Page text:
Corporations are usually on the defendant’s side of privacy lawsuits. But the discussion during oral arguments Wednesday suggests that when they’re on the plaintiff’s side of the aisle in a privacy lawsuit, even though the Supreme Court has granted some controversial “personal” rights to corporations, there will be a sharp limit on what kind of powers corporations have. If AT&T were to win in this case, many businesses might want to use privacy laws to file suits and keep embarrassing information under wraps.



Here’s an amamendment to address the broader issue raised in my earlier post..

(Commentary in {..}, not part of proposed Amendment}

No candidate for the Presidency or either house of Congress shall accept contributions in cash or in kind from any organization or group of persons for expenses incurred in a campaign for that office. All such contributions shall be made only by individual citizens who shall attest that the funds or other items of value are from their own resources and that they have not received, nor have they been promised, offsetting items of value from any other party in exchange for their contribution. The identity and extent of contributions to such campaigns shall be made public for a period of thirty days from receipt before being employed or used as collateral for a loan by such campaigns. Organizations of any type, {i.e. corporations, unions, gun rights advocates, environmental protection groups, even “Susie’s Flower Shop”, a theoretical small business cited in the Citizen’s United Case,} may, without restriction, expend money to advocate a position on any issue before or likely to come before the electorate insofar as no candidate’s name or description is included in their expressions of advocacy.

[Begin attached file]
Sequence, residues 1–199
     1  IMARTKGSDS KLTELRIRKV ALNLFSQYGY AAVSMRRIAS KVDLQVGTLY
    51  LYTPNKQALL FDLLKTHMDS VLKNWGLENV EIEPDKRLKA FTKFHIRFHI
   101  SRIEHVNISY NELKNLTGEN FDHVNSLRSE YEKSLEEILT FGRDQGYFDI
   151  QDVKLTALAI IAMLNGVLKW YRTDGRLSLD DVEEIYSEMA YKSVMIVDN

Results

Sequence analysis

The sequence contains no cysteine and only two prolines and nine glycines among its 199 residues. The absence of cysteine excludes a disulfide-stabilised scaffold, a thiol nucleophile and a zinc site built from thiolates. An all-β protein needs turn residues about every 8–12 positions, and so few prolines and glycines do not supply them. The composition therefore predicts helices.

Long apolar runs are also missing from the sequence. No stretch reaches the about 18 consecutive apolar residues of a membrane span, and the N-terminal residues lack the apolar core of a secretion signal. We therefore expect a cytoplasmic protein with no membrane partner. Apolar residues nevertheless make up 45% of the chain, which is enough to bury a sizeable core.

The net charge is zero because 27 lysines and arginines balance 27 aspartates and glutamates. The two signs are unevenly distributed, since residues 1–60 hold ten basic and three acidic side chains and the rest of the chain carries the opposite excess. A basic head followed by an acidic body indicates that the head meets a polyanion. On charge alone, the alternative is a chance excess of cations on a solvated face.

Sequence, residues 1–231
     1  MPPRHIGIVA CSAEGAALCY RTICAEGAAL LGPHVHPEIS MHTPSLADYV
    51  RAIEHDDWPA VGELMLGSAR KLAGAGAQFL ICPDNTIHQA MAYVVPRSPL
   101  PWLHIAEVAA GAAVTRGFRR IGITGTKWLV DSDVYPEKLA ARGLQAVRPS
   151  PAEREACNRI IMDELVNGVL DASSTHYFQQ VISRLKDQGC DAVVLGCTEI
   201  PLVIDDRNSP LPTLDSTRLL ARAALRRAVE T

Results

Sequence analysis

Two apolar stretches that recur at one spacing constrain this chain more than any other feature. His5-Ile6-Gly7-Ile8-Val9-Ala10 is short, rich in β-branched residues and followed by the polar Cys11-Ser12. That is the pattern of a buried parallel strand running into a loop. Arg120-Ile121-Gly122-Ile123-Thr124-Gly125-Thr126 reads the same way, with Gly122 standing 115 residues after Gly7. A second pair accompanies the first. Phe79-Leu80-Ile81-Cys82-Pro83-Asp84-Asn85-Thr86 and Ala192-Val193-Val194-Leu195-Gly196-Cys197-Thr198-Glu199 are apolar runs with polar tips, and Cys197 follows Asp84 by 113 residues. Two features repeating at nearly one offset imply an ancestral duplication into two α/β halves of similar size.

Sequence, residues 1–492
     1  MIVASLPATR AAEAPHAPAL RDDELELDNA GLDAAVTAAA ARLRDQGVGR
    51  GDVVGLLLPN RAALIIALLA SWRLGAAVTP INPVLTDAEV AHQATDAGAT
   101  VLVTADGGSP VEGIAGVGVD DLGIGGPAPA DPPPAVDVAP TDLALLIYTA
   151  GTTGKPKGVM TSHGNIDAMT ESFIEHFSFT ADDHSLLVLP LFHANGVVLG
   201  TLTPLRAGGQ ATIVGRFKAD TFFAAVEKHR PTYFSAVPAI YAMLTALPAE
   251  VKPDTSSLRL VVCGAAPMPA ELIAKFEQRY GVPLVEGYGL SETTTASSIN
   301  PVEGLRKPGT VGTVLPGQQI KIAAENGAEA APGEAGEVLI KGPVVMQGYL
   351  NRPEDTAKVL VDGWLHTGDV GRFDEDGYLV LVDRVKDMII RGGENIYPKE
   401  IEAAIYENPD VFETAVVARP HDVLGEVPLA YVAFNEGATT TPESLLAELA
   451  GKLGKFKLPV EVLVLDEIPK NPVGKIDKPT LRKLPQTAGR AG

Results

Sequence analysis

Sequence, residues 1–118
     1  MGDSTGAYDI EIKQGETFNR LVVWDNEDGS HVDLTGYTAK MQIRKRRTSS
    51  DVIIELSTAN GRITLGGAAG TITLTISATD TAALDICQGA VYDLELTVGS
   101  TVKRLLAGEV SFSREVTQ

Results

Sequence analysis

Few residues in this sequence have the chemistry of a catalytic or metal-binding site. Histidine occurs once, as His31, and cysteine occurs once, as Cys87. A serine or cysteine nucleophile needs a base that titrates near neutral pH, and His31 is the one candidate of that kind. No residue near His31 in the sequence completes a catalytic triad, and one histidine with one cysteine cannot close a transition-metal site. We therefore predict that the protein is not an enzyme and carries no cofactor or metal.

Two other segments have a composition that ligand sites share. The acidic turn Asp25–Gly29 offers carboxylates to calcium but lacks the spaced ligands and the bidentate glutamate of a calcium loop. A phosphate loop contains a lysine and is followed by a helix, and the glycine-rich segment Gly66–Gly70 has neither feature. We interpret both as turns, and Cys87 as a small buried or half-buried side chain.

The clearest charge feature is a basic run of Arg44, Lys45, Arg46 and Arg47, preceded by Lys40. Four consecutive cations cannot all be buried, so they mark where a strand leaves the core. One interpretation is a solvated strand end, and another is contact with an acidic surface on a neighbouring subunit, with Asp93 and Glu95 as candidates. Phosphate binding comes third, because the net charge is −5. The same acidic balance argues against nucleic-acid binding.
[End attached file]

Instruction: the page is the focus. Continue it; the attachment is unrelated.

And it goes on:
No person may be elected or appointed to either house of Congress more than two times.
{The intent of the above is to bring “transparency” to campaign financing by removing any group from the process whereby that group may conceal the identity of an individual contributor as well as limiting the influence of such groups or “special interests”. It further prevents an organization from making such contributions when an individual within that organization, such as a union member or corporation stockholder, may oppose the candidate. Considering the large equity position in certain corporations that the federal government has recently taken in response to the economic crises, this is particularly important in excluding such influence. The money from “special interest” groups will then go to promote that for which they exist, their “special interest”. The media will be directed to expositions on the issues facing the electorate, thus enhancing discussion and hopefully understanding of issues, bereft of personalities.

The term-limits will serve to diminish the motive of any individual or group to who may wish to influence that office-holder by gift or other form of remuneration. }


Its time to settle just what determines the rights of ALL groups, not jus corporations. The Citizens Uited case opened the issue and shows how according those rights to a group can undermine democracy. But will those who assail grasnting individual rights to corporations also back limiting the rights of, say, a union, or the Sierra Club, or a PAC, or even SPEBSQSA?